It was the fourth week in a row that carriers have raised ticket prices, and the second round of increases led by Chicago-based United in as many weeks, according to a tally by airline ticket pricing Web site FareCompare.com.
The increase was among the largest in recent years, FareCompare.com Chief Executive Rick Seaney said.
"We're in completely uncharted territory for domestic airfare increases," Seaney said. "It's like the jump in (oil prices) has totally changed the playing field."
United spokesman Robin Urbanski said the higher fares are based on the length of the flight, meaning that trips of under 500 miles will cost travelers $4 to $10 more round-trip. Journeys of more than 1,500 miles are now $12 to $50 more expensive than before the increase, she added.
Atlanta and Seattle, Boston and Denver, and San Francisco and Philadelphia were among the thousands of city pairs that will now cost travelers $50 more round-trip on United, Seaney said.
Other carriers will likely be tempted to match the increase, especially in cities where there is little competition, industry observers said. However, airlines also run the risk of driving down demand ahead of the peak summer travel season if they push prices too high.
"The family going on vacation who now has to pay an extra $200 probably will think twice," airline industry consultant Robert Mann said.
United's latest increase comes just a week after the carrier increased its domestic fuel surcharge by an additional $6 to $10 per round trip, effectively raising fares. United's fuel surcharge now stands at $50 round-trip in markets where the airline does not compete against low-cost carriers, Urbanski said.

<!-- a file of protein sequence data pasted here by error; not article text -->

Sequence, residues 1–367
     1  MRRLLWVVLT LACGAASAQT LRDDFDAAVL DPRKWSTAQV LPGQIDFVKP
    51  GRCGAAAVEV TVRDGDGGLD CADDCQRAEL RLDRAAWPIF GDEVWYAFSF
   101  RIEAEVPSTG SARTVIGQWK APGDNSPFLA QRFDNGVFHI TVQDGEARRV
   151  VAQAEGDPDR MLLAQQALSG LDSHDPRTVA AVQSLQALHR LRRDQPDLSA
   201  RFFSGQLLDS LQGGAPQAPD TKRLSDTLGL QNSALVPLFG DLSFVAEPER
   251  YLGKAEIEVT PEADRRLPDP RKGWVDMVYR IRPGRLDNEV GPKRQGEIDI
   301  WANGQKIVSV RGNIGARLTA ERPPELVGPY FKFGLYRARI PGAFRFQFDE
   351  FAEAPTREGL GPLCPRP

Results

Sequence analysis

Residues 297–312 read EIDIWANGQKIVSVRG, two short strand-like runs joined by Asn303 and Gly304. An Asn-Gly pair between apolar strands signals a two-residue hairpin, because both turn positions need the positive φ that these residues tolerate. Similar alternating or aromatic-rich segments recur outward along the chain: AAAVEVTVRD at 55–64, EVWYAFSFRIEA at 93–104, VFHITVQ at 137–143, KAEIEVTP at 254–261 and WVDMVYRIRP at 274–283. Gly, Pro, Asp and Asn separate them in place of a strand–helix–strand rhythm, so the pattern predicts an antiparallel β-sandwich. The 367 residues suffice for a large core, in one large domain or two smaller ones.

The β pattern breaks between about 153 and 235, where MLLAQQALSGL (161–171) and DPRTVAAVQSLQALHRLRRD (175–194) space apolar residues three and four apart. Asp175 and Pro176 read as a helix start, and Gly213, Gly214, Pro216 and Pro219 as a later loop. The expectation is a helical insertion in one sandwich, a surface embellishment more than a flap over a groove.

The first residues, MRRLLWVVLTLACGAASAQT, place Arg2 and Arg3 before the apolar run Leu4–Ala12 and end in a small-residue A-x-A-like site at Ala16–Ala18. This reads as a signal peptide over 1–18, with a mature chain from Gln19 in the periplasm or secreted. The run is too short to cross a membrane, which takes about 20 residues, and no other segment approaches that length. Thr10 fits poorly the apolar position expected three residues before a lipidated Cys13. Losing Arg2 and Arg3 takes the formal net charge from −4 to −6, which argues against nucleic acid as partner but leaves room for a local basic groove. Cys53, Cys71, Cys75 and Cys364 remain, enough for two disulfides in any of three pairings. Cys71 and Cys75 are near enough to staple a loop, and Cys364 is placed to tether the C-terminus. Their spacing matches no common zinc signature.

"Fuel is our highest expense. The cost of it clearly continues to rise," Urbanski said. "We must be able to pass along these costs just like other businesses do."
Just like gasoline prices at the pump, jet fuel prices have risen considerably along with the price of crude. By the end of last week, New York Harbor spot jet fuel was going for $3.14 a gallon, up from $1.91 a year earlier, according to data from the Energy Department's Energy Information Administration.
And also like gas at the pump, they could be set to move even higher. The price for a barrel of light, sweet crude for April delivery fell 12 cents to settle at $110.21 on Friday on the New York Mercantile Exchange.
Carriers have tried to push more of their fuel costs onto consumers in recent months. Some of those increases have stuck, but stiff competition from low-cost airlines such as Southwest Airlines Co. and JetBlue Airways Corp. means many others have been rolled back after competing airlines failed to follow suit.
It's not clear that the latest round of increases will stick, especially given their size. A spokeswoman for Southwest already said the Dallas-based carrier was not raising fares.
"Nothing that's happened in the last week would justify a $50 increase," Mann said. "They're either trying to make up for lost ground ... or they're looking to push through what they believe will be future fuel increases for which they're not hedged."
Tim Smith, spokesman for Fort Worth, Texas-based American Airlines, said the nation's largest carrier is studying the increase but hasn't taken action, and a spokeswoman for Atlanta-based Delta Air Lines said it has taken no action at this time.
Representatives for Northwest Airlines Corp. and US Airways Group Inc. said the carriers were studying the move, but hadn't yet decided if they would follow United's lead.
The fare increases did little to lift investors' spirits Friday, when a number of airline shares tumbled to 12-month trading lows. Shares of United parent UAL Corp. fell $1.37, or 5.7 percent, to $22.68 after earlier sinking to a 52-week low of $21.89.